Jorn Utzon received worldwide fame as the architect of the Sydney Opera House, but his much larger body of work has a breadth and depth that is of great importance for modern architectural history. And yet, little is known of his work outside of academic architectural circles.
Arguably the most important Danish architect of the twentieth century, Utzon pioneered the movement for modern architecture to reconnect with its particular place and time without abandoning the techniques and materials that made it accessible to larger audiences.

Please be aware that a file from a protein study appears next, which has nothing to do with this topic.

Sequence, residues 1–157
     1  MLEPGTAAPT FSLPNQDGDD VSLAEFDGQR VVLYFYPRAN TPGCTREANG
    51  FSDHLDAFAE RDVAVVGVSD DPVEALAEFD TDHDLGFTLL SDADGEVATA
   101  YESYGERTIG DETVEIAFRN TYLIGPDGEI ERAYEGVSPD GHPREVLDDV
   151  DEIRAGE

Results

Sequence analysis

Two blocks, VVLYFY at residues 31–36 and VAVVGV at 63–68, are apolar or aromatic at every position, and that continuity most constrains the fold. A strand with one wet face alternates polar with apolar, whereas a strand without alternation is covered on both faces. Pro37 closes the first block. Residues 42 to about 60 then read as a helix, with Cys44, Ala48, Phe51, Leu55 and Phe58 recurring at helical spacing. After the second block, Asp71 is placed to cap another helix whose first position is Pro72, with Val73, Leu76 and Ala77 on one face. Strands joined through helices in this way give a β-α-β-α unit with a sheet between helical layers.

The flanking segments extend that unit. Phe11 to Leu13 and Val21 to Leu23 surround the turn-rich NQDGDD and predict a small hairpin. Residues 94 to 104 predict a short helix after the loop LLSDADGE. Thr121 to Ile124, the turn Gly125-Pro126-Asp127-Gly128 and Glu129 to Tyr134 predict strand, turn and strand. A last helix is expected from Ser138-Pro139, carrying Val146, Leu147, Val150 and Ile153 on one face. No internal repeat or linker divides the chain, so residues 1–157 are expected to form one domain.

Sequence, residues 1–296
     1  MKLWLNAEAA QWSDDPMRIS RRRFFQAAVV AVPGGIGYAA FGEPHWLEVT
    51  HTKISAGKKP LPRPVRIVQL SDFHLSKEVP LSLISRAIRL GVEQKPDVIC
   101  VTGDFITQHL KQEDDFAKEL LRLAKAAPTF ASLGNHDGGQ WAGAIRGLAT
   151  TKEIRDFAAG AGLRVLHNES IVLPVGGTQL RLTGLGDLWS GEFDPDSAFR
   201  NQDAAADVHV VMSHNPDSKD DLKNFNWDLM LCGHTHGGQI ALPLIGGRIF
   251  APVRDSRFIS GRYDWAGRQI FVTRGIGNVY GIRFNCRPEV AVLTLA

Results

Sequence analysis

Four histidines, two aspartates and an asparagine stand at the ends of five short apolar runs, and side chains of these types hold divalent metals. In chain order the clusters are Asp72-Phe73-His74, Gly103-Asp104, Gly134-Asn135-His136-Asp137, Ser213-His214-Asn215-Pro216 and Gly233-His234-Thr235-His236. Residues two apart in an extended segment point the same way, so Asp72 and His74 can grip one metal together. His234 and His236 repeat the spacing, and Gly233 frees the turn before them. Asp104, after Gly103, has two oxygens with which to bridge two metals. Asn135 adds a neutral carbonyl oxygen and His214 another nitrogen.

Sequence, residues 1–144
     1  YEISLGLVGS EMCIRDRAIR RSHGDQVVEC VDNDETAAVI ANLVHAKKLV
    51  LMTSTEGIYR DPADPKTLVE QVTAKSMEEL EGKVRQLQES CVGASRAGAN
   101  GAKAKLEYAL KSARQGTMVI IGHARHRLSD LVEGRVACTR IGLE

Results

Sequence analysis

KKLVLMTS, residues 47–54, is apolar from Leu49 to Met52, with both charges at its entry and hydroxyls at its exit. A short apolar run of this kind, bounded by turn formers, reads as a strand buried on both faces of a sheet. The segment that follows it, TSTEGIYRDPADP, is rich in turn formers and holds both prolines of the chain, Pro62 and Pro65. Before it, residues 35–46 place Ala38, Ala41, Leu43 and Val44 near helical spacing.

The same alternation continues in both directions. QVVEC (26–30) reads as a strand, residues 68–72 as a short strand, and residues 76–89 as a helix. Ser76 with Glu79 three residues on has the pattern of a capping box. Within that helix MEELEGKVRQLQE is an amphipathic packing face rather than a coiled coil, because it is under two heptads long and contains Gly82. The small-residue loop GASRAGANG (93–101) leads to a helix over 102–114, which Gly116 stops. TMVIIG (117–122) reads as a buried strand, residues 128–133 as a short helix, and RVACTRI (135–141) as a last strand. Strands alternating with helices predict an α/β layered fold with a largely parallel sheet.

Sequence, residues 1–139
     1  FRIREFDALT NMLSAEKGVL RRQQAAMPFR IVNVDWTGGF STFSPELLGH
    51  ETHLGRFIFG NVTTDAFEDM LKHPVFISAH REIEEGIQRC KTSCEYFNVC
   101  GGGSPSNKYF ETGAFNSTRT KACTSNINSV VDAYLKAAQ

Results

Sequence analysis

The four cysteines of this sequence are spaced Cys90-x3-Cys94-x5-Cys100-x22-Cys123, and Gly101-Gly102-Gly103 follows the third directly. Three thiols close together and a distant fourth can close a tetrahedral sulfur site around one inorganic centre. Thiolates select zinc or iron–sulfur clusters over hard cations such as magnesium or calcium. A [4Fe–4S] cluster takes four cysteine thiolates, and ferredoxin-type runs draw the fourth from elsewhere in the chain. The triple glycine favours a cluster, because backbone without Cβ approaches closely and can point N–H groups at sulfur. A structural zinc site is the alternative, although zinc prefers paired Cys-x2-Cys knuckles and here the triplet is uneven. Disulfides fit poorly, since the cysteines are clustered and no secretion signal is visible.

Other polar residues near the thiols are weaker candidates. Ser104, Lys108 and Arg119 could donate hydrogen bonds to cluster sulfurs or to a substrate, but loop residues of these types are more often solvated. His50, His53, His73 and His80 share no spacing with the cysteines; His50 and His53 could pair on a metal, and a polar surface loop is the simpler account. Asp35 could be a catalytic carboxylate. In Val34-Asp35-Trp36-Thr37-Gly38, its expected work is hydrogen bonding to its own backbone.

Modernism, for Utzon, didn't need to sacrifice particularity and local character in order to retain relevance and his widely varied work around the globe-from the National Assembly in Kuwait to the Bagsvaerd Church in Denmark and of course the Opera House in Sydney-is a testament to this approach's success.
This book is a collection of these successes, told thematically so that Utzon's integral approach and lasting effects might be understood for what they are-at once particular and universal.